1. KFC Christmas (Japan)
While Christmas isn’t really celebrated in Japan, a December 25 tradition centers around Kentucky Fried Chicken. In 1974, KFC unveiled a Christmas meal for visiting foreigners who wanted something that resembled a traditional holiday dinner. Locals have since embraced this Christmas dinner, and KFC now suggests that customers place their holiday order two months in advance.
2. Befana (Italy)
Similar to Santa Claus, this old woman delivers gifts to children throughout Italy on Epiphany Eve (the night of January 5). She’s portrayed as an old lady riding a broomstick and is covered in soot because she enters the children’s houses through the chimney.
3. The Throwing of the Shoe (Czech Republic)
In one Christmas custom to determine whether or not young women will be married in the coming year, they throw a shoe over their shoulders towards the door. If it lands with the toe pointing towards the door, she’ll soon be married.
4. The Mari Lwyd (Wales)
This Welsh midwinter luck-bringing ritual takes place between Christmas and New Year’s. Participants accompany a person disguised as a horse and travel from house to house, singing at each door in the hopes of being rewarded with food and drink.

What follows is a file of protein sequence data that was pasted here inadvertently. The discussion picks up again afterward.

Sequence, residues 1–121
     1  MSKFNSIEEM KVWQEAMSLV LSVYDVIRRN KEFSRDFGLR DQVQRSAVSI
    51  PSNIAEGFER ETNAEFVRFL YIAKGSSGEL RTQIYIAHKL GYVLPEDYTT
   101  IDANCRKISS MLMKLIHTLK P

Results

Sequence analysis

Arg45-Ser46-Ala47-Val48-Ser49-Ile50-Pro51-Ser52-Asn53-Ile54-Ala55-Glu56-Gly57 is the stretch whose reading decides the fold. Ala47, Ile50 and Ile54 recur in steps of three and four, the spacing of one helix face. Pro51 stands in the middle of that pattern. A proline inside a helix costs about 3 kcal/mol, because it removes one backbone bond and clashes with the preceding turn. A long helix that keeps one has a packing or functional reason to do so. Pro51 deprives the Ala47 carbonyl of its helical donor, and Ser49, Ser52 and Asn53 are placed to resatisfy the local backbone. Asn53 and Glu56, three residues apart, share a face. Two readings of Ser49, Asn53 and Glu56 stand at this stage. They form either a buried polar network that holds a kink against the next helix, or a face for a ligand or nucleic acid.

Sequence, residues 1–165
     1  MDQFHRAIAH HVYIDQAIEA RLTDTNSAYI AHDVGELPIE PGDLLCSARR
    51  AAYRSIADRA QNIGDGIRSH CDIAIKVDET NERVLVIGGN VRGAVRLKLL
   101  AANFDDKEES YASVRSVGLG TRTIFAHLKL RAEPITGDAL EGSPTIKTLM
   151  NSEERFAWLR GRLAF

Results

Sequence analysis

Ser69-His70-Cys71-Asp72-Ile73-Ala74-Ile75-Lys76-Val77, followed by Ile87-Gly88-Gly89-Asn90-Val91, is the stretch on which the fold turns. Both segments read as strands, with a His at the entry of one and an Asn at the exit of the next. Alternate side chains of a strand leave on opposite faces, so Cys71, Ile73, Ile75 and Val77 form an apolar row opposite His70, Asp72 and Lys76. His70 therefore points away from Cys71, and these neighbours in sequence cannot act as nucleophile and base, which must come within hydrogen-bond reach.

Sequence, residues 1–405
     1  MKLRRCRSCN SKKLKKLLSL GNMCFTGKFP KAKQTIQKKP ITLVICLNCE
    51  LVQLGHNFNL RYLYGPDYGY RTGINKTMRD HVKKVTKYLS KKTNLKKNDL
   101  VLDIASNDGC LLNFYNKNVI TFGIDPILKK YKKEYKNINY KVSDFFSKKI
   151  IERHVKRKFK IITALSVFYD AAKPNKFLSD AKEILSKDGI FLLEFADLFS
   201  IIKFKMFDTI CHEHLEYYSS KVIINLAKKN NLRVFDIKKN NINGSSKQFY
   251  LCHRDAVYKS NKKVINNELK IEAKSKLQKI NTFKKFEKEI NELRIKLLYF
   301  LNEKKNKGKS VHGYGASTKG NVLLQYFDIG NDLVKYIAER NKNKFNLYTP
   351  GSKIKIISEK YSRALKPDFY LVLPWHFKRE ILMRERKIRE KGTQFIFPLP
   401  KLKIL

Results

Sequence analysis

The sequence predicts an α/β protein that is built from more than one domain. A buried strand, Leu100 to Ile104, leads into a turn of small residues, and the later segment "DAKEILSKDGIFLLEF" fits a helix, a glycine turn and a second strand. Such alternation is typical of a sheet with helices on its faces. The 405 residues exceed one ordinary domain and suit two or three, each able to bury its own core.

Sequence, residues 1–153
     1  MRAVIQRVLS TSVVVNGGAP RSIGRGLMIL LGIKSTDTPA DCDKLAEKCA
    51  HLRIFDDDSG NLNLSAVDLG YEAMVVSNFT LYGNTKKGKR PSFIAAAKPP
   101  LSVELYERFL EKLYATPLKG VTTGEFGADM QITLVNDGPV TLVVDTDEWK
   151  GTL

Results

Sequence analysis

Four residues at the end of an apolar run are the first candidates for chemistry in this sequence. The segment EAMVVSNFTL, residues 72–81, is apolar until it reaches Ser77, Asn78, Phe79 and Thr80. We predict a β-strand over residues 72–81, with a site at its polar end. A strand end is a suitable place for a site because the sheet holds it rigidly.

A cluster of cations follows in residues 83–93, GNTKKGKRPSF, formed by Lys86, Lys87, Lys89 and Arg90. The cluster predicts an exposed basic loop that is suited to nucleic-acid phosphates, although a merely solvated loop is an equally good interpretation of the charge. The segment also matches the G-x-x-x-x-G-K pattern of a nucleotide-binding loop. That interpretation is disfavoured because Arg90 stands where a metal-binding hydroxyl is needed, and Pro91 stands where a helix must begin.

6. Stir-Up Sunday (United Kingdom)
Families gather in their kitchen to bake and enjoy Christmas pudding, and parents teach their children how to mix ingredients for the pudding. Everyone gets a turn to mix, speaking a wish into the pudding as they do so.
7. Krampus (Austria and Hungary)
The anti-Santa, this beast-like creature punishes children during the Yule season who have misbehaved. If a child had been particularly naughty, he carries them in his sack and carries them to his lair.
8. Yule Goat (Scandinavia)
Starting in 1966, this giant figure made of straw is erected each year. The first one went up in flames at the stroke of midnight, and subsequent yule goats continue to be set ablaze by vandals (despite fireproofing efforts).
10. White Elephant (USA)
This gift exchange (usually involving six or more people) has many variations, but often involves participants re-gifting presents. The gifts are shuffled throughout the group in a competitive series of steals, trades, and exchanges. The name “white elephant” refers to a gift whose upkeep exceeds its usefulness.